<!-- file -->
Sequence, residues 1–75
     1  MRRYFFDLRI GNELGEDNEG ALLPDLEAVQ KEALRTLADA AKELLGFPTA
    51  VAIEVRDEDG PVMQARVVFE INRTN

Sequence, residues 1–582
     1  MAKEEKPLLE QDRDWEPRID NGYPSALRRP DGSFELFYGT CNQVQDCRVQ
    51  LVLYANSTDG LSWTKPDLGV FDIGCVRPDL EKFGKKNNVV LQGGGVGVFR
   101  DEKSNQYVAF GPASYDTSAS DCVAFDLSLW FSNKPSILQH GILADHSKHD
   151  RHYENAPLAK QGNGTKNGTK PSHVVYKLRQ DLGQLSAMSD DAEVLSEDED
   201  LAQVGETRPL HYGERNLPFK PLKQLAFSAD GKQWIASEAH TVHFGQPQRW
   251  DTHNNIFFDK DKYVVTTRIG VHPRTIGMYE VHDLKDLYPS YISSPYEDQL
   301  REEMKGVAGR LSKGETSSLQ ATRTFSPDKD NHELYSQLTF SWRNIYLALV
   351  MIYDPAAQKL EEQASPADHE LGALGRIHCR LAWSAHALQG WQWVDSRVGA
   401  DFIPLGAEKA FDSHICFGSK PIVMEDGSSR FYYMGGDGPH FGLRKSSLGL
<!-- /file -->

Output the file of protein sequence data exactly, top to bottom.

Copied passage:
Sequence, residues 1–75
     1  MRRYFFDLRI GNELGEDNEG ALLPDLEAVQ KEALRTLADA AKELLGFPTA
    51  VAIEVRDEDG PVMQARVVFE INRTN

Sequence, residues 1–582
     1  MAKEEKPLLE QDRDWEPRID NGYPSALRRP DGSFELFYGT CNQVQDCRVQ
    51  LVLYANSTDG LSWTKPDLGV FDIGCVRPDL EKFGKKNNVV LQGGGVGVFR
   101  DEKSNQYVAF GPASYDTSAS DCVAFDLSLW FSNKPSILQH GILADHSKHD
   151  RHYENAPLAK QGNGTKNGTK PSHVVYKLRQ DLGQLSAMSD DAEVLSEDED
   201  LAQVGETRPL HYGERNLPFK PLKQLAFSAD GKQWIASEAH TVHFGQPQRW
   251  DTHNNIFFDK DKYVVTTRIG VHPRTIGMYE VHDLKDLYPS YISSPYEDQL
   301  REEMKGVAGR LSKGETSSLQ ATRTFSPDKD NHELYSQLTF SWRNIYLALV
   351  MIYDPAAQKL EEQASPADHE LGALGRIHCR LAWSAHALQG WQWVDSRVGA
   401  DFIPLGAEKA FDSHICFGSK PIVMEDGSSR FYYMGGDGPH FGLRKSSLGL